Somebody or something is attacking BPT. We have seen nothing that justifies this kind of drop. If the Trustee(s) of BPT royalty trust had information effecting this stock they have a duty to inform shareholders. I have seen nothing like that. Therefore, I smell a big fat rat. I hope the SEC/Feds do an investigation into this. Otherwise, we could see this happen with any stock on the market or many at the same time.
In all honesty, your time would be better served investigating the public BPT filings and then building a model. That model will show you that BPT is overvalued even at today's closing price of $76.77.
It's funny to me when people act as though the Seeking Alpha pieces and the WSJ piece are written by "hit men" who just want to drive down the stock. If that was the case, how come no one has been able to rebut the analysis by writing an article that supported the crazy valuations above $120?
What the Seeking Alpha articles and the WSJ article did was warn you and every other unitholder out there that, sooner or later, you were going to be left holding the bag if you stayed long. Today's move may not be the end; based on my calculations, it is still substantially overvalued at today's closing price. Buyers (and holders who refused to sell when articles warned you about the inflated price of this trust when it traded well above $110 and continue to refuse to sell today) beware.
I agree that it should be investigated as the wsj and seeking alpha articles are little more then hit pieces and there are likely to be some big players taking advantage using options and then feeding the "news articles". My internal target for PV is $112, but I assume a oil price that raises with inflation and a 8% discount rate... the mistake all the articles are making is that the distributions fluctuate with oil price and will vary widely based on your discount rate assumptions.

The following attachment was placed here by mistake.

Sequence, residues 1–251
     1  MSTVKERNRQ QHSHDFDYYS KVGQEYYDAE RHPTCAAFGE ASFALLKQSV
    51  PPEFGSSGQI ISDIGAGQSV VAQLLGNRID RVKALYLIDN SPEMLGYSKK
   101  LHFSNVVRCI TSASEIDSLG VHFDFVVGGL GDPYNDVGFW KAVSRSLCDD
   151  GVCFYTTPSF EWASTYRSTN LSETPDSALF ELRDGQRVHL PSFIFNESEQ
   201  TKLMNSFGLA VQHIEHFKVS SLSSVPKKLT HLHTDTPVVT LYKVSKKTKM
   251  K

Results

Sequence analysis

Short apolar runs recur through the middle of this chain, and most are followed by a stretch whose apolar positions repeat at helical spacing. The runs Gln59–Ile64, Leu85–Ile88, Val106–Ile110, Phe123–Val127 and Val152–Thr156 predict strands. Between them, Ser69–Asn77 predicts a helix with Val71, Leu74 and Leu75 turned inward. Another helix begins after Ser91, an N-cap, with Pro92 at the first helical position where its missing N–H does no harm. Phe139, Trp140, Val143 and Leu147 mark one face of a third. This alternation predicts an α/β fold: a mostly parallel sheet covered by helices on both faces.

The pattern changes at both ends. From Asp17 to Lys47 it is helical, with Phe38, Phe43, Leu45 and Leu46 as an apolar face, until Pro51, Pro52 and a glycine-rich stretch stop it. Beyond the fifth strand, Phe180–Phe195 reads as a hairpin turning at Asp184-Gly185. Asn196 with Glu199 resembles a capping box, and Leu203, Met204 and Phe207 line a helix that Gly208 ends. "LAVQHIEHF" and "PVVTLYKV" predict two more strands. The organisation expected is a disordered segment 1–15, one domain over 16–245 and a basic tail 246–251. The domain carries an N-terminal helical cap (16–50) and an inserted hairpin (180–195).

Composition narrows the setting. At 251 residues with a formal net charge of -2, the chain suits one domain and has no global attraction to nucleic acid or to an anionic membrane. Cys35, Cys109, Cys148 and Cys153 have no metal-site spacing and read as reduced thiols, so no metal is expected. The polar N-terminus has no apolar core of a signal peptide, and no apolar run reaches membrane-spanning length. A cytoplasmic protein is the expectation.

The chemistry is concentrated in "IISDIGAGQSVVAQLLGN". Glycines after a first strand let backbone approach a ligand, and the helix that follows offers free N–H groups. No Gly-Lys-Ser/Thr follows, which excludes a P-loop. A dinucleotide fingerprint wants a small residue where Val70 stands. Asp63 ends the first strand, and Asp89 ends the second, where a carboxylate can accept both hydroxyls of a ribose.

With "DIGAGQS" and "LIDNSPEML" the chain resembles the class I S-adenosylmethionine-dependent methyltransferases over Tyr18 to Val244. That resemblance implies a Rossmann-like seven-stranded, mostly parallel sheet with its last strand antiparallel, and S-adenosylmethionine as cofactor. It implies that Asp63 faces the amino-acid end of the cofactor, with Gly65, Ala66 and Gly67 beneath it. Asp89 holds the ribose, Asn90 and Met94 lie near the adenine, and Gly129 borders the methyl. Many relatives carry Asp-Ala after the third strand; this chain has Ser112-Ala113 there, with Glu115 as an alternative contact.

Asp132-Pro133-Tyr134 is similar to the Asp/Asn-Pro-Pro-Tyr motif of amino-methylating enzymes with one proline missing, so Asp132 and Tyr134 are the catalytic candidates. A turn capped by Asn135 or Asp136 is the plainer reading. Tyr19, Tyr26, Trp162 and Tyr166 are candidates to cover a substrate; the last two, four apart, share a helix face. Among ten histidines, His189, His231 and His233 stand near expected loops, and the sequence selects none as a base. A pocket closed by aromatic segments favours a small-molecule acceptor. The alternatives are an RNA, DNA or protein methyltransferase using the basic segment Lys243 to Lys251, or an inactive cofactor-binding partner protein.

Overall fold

Honestly, they may very well scare enough longs out to get the price to $60 whatever their target is. There is a lot of retail in this stock and a lot of retail trades on wsj, barrons, and the other trash. That mid $60 target is based on a flat oil price and a 10% discount rate so I will be a heavy buyer there. I bought in originally in 1999 back when everyone freaked out because BPT missed a distribution (should have been there for that one, idiots said it was a zero then). Pay no attention to the shills and "news" articles, I've always made more money betting against the advice in hit pieces which this is in my view.
The best part is they don't even look at the possible upside. What happens if Bernanke screws up and the dollar falls. Cost structure is based on the CPI which the government manipulates so the corresponding oil price rise CPI rise. In 1999 they said BPT was a zero. Now in 2012 they are saying its a zero in 2027, this may create the best entry point since 2000. Go shorts go, lol. BPT will be producing oil and making distributions for many more years. Yes the cost structure jumps in 2020, and eventually it will produce a negative distribution unless Bernanke implements hyperinflation, but I have a feeling this going to be when chargeable costs reach $200 around 2040.
Wake up boys and girls. You chose to own an ultra-high yielding investment that depletes over time. Better to own MLPs where after a few years of decent distribution growth you have a double-digit yield to cost than own any asset that depletes.
It could have something to do with the company itself saying that it is worth $1.4 billion and then having the WSJ point that out in the past week. I doubt all BPT investors even read the annual report or have done their own NPV calculations on future distributions. I've also seen some independent analysis scattered across the web over the past month on BPT that peg its value at $50-70 a share. I'd say it's worth closer to $60-80 so there may be some value if it keeps falling!
SEC loves this kind of volatile destruction of owner value. They got rid of uptick rule in 2007 to create situations like this. Damn the investor is their philosophy as long as the hedge funds can take a timely WSJ (or whoever publishes it) article and attack stocks with few anxious buyers for a time.